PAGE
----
A team of experts wrote a presidential advisory on behalf of the American Heart Association relating to food is medicine. The authors lamented that 90 percent of Americans eat less than the recommended amounts of fruits and vegetables, not to mention skimping on other healthy foods such as whole grains, beans, other legumes, and low-fat dairy. Then there’s the fact that most Americans load up on unhealthy amounts of sugar and refined grains. The experts identified several impediments to healthy diet: 1) food and nutrition insecurity, 2) the promotion of junk food by the food industry, 3) limited or no access to healthy and affordable foods, and 4) the power of immediate versus delayed gratification. About 90 percent of the $4.3 trillion the US spends on medical care flows to chronic diseases. Thus, modest improvements in Americans’ diets could meaningfully reduce the prevalence of food- and nutrition-related chronic diseases, such as type 2 diabetes. The experts proposed ramped-up research focusing on FIM to find evidence-based ways improve American diets and reduce chronic disease, as if food-related health hasn't been happening for decades.

A contrary point of view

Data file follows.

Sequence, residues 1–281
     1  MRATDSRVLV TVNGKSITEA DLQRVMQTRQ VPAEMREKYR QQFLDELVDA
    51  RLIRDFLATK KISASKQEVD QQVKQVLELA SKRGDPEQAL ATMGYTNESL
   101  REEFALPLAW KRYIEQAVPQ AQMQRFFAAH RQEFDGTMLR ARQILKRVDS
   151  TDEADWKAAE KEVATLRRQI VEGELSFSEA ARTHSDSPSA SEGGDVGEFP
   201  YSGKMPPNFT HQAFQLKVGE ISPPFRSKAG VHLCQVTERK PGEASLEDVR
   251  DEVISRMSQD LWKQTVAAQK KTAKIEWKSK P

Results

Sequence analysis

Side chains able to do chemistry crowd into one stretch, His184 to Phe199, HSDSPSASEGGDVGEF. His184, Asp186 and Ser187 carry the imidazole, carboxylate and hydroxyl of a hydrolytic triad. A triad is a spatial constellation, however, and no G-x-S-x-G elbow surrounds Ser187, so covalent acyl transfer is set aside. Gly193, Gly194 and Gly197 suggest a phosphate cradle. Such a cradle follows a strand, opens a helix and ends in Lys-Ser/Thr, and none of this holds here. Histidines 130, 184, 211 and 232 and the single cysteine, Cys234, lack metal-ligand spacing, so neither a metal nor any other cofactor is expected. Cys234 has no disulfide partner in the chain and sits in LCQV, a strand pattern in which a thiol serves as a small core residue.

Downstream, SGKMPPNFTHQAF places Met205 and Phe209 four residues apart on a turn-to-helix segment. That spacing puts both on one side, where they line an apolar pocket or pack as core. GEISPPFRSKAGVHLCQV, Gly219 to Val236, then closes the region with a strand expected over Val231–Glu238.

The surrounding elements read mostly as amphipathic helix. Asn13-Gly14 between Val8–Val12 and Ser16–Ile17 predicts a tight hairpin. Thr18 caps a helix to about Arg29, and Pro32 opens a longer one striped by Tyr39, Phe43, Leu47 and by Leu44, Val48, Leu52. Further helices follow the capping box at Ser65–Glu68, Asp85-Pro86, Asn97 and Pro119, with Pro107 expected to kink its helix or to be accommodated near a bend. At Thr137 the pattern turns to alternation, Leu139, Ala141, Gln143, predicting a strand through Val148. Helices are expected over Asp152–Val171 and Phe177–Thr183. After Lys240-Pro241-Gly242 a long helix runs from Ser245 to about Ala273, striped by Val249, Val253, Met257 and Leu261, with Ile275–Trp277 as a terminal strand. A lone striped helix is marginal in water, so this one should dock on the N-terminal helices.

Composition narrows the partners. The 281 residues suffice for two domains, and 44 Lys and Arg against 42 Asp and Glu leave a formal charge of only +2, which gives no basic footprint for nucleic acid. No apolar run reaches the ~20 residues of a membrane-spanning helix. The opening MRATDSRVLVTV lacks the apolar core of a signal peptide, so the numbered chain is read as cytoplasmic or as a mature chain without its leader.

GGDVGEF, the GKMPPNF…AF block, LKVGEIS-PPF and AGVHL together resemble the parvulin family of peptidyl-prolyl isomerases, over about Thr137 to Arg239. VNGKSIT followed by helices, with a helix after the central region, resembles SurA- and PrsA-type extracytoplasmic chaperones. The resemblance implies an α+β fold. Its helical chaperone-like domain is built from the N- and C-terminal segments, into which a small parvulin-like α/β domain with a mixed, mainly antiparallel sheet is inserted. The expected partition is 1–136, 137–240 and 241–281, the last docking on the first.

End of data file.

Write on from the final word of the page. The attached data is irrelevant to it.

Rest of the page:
The food is medicine concept has grown dramatically over the past 5 years. Two researchers offered a counterpoint to the prevailing enthusiasm for food is medicine. For starters, food is medicine is not a new concept. It’s been around for decades in the form of community organizations that provide medically tailored food to patients with diet-sensitive conditions such as type 2 diabetes and obesity. Tying provision of healthy food to the medical community suffers from important defects: 1) The medical care system is difficult for many people to access; 2) The medical care system is overburdened; 3) Many physicians do not routinely refer patients to nutrition counseling programs in spite of the need; 4) Patient adherence of prescribed medications is low, even when the benefits occur relatively quickly; and 5) Healthy eating requires a series of steps that many people find difficult to achieve.